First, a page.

Events & News


    Professor LI Xi's Team of CQMU’s Institute of Life Sciences Has Published a Research Paper Online in the International Authoritative Journal Circulation Research


    On March 1st, 2024, Professor LI Xi and Associate Research Fellow WANG Shujin from CQMU’s Institute of Life Sciences, in collaboration with Shantou University and Maastricht University, published a research paper titled "Glycolysis-Mediated Activation of v-ATPase by Nicotinamide Mononucleotide Ameliorates Lipid-Induced Cardiomyopathy by Repressing the CD36-TLR4 Axis" online in Circulation Research, an authoritative international journal in the cardiovascular field.

    Cardiovascular complications, being responsible for 50-80% of deaths in diabetic patients, are a major concern with diabetic cardiomyopathy being a key component. The main causes of diabetic cardiomyopathy arise from the accumulation of excessive lipids in the myocardium and insulin resistance induced by hyperlipidemia. Previous evidence indicate that fatty acids transporter CD36 (scavenger receptor B2), a major membrane protein that increases myocardial lipid uptake, is a crucial target of cardiac lipid metabolism. Recently, this research team has discovered a closely correlation between CD36 translocation and V-ATPase-mediated endosomal acidification, and further indicate that the loss of V-ATPase contributes to the disturbed lipid metabolism through regulating CD36 translocation to cell surface.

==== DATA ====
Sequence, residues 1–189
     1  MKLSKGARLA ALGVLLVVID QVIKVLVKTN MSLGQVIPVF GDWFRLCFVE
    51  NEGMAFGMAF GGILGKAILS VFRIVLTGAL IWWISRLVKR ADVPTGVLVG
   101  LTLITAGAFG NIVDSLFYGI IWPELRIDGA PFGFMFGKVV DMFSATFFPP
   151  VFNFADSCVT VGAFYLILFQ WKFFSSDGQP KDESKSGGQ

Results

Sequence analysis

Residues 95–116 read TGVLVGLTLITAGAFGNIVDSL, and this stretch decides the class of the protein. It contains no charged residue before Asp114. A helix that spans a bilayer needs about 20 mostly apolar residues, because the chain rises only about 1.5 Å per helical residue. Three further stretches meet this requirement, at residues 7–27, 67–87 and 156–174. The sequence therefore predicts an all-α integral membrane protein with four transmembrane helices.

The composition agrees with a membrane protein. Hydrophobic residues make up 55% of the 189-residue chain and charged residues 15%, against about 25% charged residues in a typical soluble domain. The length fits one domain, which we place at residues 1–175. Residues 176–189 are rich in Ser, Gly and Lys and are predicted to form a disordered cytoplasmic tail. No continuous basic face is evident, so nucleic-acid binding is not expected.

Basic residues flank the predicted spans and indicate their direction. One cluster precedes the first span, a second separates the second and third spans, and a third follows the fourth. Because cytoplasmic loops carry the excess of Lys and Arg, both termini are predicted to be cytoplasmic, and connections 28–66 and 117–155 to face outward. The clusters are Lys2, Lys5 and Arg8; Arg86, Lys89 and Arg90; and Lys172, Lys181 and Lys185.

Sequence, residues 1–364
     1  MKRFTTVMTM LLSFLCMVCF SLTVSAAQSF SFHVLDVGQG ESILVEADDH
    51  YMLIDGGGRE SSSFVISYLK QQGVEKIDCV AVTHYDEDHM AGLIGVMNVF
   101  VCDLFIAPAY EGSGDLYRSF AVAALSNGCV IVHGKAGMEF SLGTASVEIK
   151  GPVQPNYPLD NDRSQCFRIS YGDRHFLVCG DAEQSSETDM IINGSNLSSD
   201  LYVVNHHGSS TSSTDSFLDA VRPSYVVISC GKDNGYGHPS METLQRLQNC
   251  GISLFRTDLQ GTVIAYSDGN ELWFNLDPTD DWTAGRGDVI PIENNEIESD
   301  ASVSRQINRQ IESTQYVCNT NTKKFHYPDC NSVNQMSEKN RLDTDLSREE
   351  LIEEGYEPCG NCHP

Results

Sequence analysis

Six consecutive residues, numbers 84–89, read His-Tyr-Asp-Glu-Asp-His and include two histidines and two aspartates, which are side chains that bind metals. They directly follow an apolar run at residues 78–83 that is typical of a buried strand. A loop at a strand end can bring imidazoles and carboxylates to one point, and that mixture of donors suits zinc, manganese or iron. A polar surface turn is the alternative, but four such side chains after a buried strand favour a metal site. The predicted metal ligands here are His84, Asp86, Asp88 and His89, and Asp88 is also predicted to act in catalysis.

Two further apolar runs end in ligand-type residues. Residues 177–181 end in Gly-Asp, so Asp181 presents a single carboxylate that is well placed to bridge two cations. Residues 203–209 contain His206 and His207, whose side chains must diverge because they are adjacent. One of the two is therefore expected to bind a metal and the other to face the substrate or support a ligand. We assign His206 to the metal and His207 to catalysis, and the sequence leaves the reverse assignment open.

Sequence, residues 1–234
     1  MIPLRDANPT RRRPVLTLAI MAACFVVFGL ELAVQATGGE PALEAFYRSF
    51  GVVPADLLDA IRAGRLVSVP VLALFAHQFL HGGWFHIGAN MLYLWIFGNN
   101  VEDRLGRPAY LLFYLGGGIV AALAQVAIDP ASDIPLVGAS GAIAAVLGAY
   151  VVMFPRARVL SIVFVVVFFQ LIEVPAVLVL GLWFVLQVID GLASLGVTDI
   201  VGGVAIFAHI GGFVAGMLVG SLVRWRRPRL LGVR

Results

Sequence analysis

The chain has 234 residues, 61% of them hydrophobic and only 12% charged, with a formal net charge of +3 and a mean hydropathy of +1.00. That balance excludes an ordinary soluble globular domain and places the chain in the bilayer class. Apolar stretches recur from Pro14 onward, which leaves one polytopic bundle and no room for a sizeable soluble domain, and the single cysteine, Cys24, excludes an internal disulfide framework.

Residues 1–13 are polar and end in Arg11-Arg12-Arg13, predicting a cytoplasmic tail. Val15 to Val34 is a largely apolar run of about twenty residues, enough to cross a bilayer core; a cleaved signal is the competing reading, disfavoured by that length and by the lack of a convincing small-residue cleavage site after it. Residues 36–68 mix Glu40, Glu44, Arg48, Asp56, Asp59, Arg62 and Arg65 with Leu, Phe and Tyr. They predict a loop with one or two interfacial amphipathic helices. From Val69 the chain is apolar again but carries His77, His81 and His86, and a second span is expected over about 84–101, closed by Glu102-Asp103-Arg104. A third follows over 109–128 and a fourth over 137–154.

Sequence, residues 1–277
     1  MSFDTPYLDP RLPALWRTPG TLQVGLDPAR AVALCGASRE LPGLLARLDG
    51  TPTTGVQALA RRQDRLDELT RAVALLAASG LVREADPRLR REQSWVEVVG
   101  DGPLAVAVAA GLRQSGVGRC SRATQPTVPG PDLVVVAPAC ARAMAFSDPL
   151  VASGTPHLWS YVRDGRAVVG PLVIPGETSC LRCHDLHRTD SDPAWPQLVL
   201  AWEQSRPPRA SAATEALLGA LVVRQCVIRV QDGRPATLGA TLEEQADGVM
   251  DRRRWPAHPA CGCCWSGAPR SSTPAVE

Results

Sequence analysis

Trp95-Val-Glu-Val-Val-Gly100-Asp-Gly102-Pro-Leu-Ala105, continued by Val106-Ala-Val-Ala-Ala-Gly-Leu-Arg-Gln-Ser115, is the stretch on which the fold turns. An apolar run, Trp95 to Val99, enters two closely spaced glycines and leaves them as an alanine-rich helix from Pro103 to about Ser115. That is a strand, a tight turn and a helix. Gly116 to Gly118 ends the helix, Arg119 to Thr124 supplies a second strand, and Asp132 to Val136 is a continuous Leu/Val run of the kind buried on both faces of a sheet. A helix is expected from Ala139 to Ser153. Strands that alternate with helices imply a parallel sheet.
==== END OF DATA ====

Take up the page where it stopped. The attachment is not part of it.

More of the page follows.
On the basis of this, the research team had successfully selected a specific amino acids cocktail, and it protects against lipid-induced cardiac dysfunction through maintaining V-ATPase-mediated lysosomal pH. Additionally, the research team have demonstrated that activating V-ATPase inhibits CD36/TLR translocation to cell surface by stimulating endosomal acidification, and then lowers the contents of diacylglycerol DAG as well as blocking the TLR4-mediated inflammatory signal pathway, eventually ameliorating lipid-induced cardiomyopathy.

    This research clearly disclose the roles and underlying mechanisms of V-ATPase in the occurrence and development of diabetic cardiomyopathy, and suggests that targeting V-ATPase is a novel strategy to ameliorate obesity, diabetes, and other related-metabolic diseases.

    Link to full article: